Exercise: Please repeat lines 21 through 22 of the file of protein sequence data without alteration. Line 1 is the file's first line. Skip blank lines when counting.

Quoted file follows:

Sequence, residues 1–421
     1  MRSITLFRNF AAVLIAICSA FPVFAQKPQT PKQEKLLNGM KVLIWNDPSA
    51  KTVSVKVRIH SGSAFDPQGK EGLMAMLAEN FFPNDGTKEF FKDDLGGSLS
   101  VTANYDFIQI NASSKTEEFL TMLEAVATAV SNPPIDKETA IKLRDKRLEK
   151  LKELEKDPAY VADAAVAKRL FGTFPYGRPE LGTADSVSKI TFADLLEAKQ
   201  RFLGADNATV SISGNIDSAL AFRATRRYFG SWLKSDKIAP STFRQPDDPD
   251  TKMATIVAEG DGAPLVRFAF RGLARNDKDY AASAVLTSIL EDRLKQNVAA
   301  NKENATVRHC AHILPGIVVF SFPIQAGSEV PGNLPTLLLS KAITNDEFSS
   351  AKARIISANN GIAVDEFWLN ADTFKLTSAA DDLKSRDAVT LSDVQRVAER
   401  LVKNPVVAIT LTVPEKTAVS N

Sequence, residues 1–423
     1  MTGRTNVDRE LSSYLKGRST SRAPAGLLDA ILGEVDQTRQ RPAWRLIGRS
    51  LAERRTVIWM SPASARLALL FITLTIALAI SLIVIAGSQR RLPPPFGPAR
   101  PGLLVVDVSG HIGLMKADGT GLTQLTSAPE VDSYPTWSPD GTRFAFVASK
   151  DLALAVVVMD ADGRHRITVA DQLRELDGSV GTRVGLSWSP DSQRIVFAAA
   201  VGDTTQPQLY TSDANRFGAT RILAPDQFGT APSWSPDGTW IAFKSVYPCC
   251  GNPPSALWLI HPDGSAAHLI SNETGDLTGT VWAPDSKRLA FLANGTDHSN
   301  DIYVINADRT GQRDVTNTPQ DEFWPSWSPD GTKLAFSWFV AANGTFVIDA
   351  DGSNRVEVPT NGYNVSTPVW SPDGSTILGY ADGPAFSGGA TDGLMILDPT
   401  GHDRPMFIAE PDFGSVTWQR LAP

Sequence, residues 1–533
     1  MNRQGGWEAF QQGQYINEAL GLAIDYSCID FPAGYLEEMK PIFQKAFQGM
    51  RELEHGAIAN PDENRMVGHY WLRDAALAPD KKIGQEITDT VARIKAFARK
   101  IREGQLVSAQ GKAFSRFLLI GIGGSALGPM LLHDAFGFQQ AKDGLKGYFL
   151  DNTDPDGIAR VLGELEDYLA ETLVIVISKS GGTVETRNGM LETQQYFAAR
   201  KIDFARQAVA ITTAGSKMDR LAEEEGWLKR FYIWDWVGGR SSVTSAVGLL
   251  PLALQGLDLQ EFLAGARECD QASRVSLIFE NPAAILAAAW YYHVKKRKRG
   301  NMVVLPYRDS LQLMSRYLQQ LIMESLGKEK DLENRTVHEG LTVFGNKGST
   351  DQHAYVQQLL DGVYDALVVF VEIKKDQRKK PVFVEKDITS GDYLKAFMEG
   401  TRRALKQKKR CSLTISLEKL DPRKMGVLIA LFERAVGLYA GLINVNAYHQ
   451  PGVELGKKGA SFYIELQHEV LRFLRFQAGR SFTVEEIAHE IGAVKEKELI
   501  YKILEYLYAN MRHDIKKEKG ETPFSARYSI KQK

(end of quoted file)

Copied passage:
Sequence, residues 1–533
     1  MNRQGGWEAF QQGQYINEAL GLAIDYSCID FPAGYLEEMK PIFQKAFQGM